21 Dec Kitchen Design Secrets
Kitchen design secrets
Whether you are building a brand-new kitchen, renovating an existing one, or simply updating your current space, follow these ten “can’t miss” design principles to achieve your very own, award-worthy kitchen of distinction.
Design with the rest of the home in mind
The kitchen is the heart of the home. When designing and then decorating your kitchen, look outside the room’s footprint to see which elements, features, or colours from adjoining rooms can be integrated into the kitchen. Is there a unifying palette you might stick with? Can you integrate tile or wood from a neighboring space?
Be sure to consider the outdoors as an adjoining room. If the kitchen enjoys a great view of a garden space or water feature, use those hues to inform the kitchen colours. When the eye connects colours in the kitchen to those seen outside the windows, it expands the view and, by extension, makes the kitchen feel larger.
Respect family needs and space constraints
A kitchen designed for a household with a growing family will be decidedly different from one designed with urban-dwelling empty nesters in mind. Your ultimate satisfaction will come when you honour the way the kitchen will truly be used. This may require some soul searching or, at the least, a certain frankness about your needs. If the budget or space doesn’t allow for every appliance on the market, choose those that you know will get the most use and fit your kitchen layout best.
Use these appliance-buying guidelines.
When it comes to choosing appliances and the configuration of your kitchen, consider your current cooking style, as well as your ideal culinary prowess.
Add one bold element
One of the many benefits of a kitchen designed in mostly neutral tones is the opportunity to feature one impressive item—whether it be a painting hung on the wall, a sculpture displayed on a pedestal, or an item incorporated into the very fabric of the kitchen itself
Create harmony with symmetry
If you’re unsure just where to begin with your kitchen design, start by thinking symmetrically. If you put a bank of cabinets on one wall, match them on the opposing wall either with another bank of cabinets or an expanse of windows similarly sized and shaped. Our brains are attuned to order. We like to see matching shapes and patterns, and symmetry creates a sense of harmony. Keep in mind that you want symmetry both vertically and horizontally. When laying out shelves and cabinets, align their heights with the top of the refrigerator and range hood. This creates a finished, tailored look. If everything is of a different height, it can create a restless feeling as the eyes work to follow the erratic line around the room. Placing baskets atop shelves or a painting above a cabinet can trick the eye into perceiving that all the heights are in relative alignment.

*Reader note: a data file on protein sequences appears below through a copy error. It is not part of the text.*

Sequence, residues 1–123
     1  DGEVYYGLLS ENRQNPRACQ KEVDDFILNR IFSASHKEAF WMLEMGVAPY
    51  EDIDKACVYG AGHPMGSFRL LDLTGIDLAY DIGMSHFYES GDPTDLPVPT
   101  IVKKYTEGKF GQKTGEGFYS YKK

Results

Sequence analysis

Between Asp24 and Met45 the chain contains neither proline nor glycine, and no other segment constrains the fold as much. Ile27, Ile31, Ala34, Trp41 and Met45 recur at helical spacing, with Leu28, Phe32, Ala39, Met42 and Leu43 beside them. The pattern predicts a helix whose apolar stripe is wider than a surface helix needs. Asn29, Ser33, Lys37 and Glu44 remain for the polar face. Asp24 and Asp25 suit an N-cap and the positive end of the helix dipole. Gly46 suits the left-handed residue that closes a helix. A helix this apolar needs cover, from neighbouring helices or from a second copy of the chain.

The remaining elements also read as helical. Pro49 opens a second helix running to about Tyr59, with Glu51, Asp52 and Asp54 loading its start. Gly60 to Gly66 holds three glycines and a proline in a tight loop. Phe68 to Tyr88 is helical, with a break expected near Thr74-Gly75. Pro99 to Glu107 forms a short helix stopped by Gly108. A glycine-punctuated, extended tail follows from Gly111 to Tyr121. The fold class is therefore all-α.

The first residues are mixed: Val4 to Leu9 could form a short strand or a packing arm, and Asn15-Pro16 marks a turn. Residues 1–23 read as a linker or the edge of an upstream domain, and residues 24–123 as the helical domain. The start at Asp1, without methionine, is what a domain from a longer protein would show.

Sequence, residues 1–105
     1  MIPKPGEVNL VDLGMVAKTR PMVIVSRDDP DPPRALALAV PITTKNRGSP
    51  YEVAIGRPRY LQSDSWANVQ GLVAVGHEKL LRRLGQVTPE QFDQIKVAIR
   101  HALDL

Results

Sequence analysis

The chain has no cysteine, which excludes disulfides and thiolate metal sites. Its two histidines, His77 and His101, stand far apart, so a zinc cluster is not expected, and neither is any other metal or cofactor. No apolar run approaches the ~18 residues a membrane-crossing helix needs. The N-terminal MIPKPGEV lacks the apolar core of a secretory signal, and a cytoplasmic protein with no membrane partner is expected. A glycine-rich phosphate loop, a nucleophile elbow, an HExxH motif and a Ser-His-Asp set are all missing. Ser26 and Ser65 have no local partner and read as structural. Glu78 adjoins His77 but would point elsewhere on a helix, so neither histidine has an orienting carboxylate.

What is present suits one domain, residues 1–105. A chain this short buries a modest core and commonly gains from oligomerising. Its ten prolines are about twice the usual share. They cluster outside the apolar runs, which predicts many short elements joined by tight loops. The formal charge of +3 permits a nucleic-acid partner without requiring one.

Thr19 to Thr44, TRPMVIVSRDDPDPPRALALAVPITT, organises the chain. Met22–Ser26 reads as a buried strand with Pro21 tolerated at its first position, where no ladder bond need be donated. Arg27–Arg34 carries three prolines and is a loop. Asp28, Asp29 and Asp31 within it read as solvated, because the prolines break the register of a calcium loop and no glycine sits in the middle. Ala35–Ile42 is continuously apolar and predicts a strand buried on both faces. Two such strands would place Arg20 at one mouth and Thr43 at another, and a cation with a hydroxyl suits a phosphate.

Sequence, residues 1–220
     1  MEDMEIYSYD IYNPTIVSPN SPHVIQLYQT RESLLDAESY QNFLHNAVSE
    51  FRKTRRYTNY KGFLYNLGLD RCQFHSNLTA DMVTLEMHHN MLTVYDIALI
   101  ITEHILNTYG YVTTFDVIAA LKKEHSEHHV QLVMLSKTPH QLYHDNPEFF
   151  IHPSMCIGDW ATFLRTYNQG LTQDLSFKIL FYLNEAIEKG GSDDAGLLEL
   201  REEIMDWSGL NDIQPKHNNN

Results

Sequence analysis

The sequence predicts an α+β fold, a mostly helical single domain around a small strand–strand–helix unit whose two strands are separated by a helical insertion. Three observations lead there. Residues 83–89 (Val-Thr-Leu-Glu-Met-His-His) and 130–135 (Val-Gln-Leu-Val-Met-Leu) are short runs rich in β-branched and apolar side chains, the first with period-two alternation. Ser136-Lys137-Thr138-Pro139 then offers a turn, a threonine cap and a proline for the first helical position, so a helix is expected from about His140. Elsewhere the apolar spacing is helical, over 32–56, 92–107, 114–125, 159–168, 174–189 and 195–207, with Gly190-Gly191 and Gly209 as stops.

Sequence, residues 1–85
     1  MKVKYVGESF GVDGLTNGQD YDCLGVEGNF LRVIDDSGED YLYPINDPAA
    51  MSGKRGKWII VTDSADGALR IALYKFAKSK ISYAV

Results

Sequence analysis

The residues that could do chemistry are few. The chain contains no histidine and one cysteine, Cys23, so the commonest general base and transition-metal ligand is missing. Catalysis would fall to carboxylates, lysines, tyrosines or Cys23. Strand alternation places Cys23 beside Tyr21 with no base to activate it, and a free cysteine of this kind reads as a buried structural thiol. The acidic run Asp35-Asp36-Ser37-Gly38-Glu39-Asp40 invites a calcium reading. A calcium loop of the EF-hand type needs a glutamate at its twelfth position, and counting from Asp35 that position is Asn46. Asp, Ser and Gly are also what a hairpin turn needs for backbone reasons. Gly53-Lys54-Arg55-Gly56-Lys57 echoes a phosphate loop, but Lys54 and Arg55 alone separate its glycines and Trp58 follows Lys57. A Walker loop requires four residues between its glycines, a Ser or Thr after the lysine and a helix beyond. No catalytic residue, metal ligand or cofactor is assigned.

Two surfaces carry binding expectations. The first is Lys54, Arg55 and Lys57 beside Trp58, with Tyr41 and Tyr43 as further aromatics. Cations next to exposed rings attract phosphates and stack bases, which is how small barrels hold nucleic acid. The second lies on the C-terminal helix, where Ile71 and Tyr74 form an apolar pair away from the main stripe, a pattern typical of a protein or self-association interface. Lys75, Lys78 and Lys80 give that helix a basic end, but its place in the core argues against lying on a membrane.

Integrate appliances into cabinetry
If you’re not a fan of glass- or chrome-fronted refrigerators and dishwashers, consider adding a panel in the same style and finish as the cabinets. Most high-end and even many medium-range appliances now come with this option. The effect is to make the appliances blend into the surrounding cabinetry, resulting in a kitchen that feels less utilitarian.
Accent what is unique about the space
We’ve all heard the expression, “If life gives you lemons, make lemonade.” The corollary in kitchen design could be, “If a space gives you beams, feature beams.”
Make it multi-functional
Home office, TV room, homework central—these are just a few of the ways today’s kitchens are used above and beyond their primary function as the place to store, prepare, serve, and enjoy food. The more functions that can be incorporated into a kitchen, the better—and you don’t need a cavernous space to accommodate all your needs. The television can be mounted on a swing arm support that pivots and tucks under the upper cabinets when not in use. The key is to figure out in advance all the different uses you’d like for your kitchen and then think creatively about how each space can be used for multiple purposes.